I aim at the movement of my target; flying, not sitting ducks. I don’t preach to where any one (seeker or believer, if you want to use that language) is, but to the movement within them. We are all on a winding road that takes attention, practice, skill and grace. None of us can see down the road too far, and it should never be an option to stay where we are right now.

Preach to the pilgrim, the sojourner, the learner, the restless within each person and yourself. That is what we all have in common, it binds us together, and it is the place that God’s Spirit is most at work.

I’d love to hear the reactions of people who hear my preaching. Is this a concern or a frustration for you? What works or doesn’t work for you? I’d love to hear!

Other preachers… what do you think?

We know SO much, not TOO much.

Here’s another thought that grew out of our Missing God series at Jacob’s Well. We miss God not because God isn’t there, and not just because we don’t know where to look, but because we eliminate certain places as potential “Godspots.” Among the many reasons for doing this, one is close-minded, and even anti-intellectual. It turns its back on parts of learning because they might distract or lead us astray. It fears knowing too much.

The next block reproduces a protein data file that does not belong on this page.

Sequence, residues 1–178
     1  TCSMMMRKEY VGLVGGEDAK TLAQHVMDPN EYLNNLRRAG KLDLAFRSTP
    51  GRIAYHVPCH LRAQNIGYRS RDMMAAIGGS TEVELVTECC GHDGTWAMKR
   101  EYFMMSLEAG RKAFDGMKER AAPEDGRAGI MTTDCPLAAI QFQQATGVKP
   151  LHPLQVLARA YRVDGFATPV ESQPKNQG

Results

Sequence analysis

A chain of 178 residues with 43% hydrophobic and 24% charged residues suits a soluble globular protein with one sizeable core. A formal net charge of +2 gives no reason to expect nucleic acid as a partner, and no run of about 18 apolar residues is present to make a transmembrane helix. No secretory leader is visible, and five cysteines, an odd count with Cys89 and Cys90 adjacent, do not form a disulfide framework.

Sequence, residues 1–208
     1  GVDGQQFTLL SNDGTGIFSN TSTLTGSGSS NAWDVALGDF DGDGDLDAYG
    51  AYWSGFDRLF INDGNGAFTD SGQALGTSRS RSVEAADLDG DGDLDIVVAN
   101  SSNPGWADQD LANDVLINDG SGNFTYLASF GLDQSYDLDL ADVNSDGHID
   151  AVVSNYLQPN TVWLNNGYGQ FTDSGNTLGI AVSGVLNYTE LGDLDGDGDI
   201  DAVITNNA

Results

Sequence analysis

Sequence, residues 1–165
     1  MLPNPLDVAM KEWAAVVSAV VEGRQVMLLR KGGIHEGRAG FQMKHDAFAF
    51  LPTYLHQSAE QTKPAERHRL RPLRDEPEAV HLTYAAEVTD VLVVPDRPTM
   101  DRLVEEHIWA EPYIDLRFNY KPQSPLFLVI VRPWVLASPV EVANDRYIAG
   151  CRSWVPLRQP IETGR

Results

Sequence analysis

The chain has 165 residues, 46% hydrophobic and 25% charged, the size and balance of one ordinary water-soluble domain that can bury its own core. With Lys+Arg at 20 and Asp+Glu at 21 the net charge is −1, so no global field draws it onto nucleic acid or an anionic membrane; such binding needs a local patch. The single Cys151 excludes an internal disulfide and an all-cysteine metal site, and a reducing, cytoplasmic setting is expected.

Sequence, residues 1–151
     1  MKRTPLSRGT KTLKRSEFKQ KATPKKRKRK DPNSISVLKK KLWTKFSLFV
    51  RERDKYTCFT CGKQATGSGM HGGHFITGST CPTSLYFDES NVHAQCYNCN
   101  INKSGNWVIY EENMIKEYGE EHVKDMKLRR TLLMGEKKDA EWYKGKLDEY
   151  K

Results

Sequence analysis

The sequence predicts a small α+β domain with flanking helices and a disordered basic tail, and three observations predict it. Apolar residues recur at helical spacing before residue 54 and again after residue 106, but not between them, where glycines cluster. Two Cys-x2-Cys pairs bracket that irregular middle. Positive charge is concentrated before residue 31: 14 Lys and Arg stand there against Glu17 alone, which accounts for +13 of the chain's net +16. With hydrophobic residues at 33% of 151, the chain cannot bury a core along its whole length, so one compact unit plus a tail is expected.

Herodotus knew this much...

Herodotus created this map 2500 years ago. It certainly isn’t too much knowledge from our perspective. It is just enough for the  next step of discovery.  Millennia later Copernicus and Galileo had other maps and many people thought they were trying to know too much. But it wasn’t too much, it was barely enough. It allowed them, and eventually us, to know the universe better and consequently understand our relationship with God better.

There are those who would say we know too much today. We look skeptically at the stories of the Bible. We know about other world religions and forms of spirituality and human wholeness which aren’t typically associated with Christianity. That threatens people who fear the disruption of their understanding of God.  It is too much knowledge from this perspective.

The threat isn’t too much knowledge, it is not enough knowledge to fully know God. When we refuse to learn about God from all areas of revelation we get an incomplete picture of God and end up worshiping an incomplete God.

We don’t know too much, but we do know so much that we have a chance of knowing God better than we have ever known God.